Endophytic bacterial diversity of avicennia marina helps to confer resistance against salinity stress in solanum lycopersicum

Amjad Ali, Raheem Shahzad, Abdul Latif Khan, Boshera A. Halo, Rashid Al-Yahyai, Ahmed Al-Harrasi*, Ahmed Al-Rawahi, In Jung Lee

*Corresponding author for this work

Research output: Contribution to journalArticlepeer-review

21 Citations (Scopus)


The current study aimed to explore the endophytic bacterial diversity of Avicennia marina and the potential roles of these endophytes in counteracting saline conditions in tomato plants. Molecular analysis revealed strains from Paenibacillus, Bacillus, Microbacterium, Citrobacter, Lysinibacillus, Halomonas, Virgibacillus, Exiguobacterium, and Vibrio. However, Bacillus pumilus AM11 and Exiguobacterium sp. AM25 showed significantly higher growth in saline media. In response to salinity stress, tomato plants treated with AM11 and AM25 showed significantly higher (∼15–23%) biomass, photosynthetic rate and pigment accumulation compared to controls. Salinity-exposed plants had significantly reduced growth and increased (three-fold) lipid peroxidation, whilst glutathione, catalase, and peroxidase activities were significantly reduced. In contrast, AM11, AM25, and methionine improved these physiochemical attributes. The study concludes that the application of bacterial endophytes from plants growing in saline conditions can offer other plants similar stress-resistance potential. Such halophytic bacterial strains can be used to improve plant growth in saline conditions.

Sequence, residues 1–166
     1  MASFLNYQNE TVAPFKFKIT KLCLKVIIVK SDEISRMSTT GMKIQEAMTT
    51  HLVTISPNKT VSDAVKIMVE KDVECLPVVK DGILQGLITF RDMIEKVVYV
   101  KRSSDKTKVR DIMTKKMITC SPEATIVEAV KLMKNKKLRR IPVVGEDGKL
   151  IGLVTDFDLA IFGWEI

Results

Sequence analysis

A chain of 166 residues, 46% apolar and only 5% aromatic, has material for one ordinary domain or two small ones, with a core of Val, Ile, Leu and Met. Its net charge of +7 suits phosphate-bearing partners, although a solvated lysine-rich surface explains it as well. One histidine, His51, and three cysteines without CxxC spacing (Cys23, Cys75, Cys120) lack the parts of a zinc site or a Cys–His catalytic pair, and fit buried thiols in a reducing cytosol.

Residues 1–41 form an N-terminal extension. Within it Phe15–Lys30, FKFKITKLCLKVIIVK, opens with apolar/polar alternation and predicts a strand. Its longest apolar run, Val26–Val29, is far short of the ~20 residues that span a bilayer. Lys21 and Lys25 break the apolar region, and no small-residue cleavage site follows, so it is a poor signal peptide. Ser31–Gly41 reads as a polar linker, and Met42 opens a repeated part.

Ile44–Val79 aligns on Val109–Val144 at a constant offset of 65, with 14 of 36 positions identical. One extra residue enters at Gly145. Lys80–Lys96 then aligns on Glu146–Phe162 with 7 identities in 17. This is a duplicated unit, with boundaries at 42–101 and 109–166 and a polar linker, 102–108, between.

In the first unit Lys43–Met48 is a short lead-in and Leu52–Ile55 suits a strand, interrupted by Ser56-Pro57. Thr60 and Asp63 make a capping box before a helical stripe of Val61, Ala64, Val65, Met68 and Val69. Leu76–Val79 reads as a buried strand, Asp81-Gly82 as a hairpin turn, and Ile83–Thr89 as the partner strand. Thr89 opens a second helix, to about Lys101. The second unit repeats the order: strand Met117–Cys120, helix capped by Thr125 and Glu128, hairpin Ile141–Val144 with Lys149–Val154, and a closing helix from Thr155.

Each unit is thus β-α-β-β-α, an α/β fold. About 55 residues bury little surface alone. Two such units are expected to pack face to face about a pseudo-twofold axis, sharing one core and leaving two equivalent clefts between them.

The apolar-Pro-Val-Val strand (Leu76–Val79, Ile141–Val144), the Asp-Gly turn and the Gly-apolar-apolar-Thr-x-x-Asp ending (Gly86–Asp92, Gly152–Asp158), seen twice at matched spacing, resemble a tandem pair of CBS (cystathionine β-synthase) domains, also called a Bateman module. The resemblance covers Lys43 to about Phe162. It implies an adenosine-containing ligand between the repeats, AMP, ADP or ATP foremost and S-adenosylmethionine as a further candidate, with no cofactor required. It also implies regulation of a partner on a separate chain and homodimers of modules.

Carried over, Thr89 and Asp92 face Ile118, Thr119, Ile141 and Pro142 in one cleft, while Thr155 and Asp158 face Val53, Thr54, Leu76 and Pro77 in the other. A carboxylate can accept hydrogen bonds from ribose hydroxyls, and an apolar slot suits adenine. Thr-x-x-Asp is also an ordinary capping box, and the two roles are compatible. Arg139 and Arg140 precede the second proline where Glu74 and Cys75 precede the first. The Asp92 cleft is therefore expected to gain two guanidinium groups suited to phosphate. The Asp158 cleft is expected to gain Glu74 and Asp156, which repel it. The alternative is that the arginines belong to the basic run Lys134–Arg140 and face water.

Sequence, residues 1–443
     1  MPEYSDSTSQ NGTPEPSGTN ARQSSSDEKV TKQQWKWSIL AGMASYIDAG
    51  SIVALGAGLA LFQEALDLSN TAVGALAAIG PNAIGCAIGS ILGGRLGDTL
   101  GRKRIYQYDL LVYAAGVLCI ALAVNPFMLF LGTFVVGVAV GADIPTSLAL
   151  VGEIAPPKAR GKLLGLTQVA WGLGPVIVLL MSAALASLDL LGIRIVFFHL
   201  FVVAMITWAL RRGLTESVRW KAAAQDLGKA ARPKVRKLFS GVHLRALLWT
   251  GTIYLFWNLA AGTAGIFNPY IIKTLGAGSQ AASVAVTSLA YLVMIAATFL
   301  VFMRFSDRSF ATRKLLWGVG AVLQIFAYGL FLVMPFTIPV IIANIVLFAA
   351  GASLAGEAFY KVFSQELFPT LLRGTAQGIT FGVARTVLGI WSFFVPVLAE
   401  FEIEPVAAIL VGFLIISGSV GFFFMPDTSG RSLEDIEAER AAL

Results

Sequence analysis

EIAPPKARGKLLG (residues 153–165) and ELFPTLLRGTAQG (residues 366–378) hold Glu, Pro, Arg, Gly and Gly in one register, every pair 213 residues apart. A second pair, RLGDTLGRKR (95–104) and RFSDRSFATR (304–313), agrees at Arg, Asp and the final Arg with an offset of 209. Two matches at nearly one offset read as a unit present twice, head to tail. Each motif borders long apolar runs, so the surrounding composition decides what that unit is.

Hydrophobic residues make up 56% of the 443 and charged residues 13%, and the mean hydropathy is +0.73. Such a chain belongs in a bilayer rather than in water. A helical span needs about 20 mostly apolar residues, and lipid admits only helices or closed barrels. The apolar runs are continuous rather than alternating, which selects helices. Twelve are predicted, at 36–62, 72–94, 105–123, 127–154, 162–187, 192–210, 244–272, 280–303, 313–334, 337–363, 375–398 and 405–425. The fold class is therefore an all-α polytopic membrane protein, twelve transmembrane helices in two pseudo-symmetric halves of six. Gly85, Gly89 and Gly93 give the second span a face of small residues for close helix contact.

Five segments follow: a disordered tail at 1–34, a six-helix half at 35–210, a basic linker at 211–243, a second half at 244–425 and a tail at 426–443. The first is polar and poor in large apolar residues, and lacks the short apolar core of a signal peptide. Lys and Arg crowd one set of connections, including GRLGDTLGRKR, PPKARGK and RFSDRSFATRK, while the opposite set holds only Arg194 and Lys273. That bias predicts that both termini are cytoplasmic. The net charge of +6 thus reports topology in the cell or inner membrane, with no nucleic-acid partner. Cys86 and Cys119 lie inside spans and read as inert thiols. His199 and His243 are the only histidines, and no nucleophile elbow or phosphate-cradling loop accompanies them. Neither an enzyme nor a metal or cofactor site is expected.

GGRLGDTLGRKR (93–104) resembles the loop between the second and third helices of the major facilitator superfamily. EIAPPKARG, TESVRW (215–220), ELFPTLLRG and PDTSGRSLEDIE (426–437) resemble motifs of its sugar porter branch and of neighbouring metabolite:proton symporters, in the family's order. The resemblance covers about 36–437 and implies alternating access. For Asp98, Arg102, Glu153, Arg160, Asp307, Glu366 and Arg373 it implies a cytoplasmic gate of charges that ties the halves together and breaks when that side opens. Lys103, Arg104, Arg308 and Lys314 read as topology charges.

Original languageEnglish
Pages (from-to)312-322
Number of pages11
JournalJournal of Plant Interactions
Issue number1
Publication statusPublished - 2017


  • Antioxidants
  • Avicennia marina
  • Endophyte
  • Methionine
  • Plant microbe interaction
  • Salinity

ASJC Scopus subject areas

  • Ecology, Evolution, Behavior and Systematics
  • Plant Science


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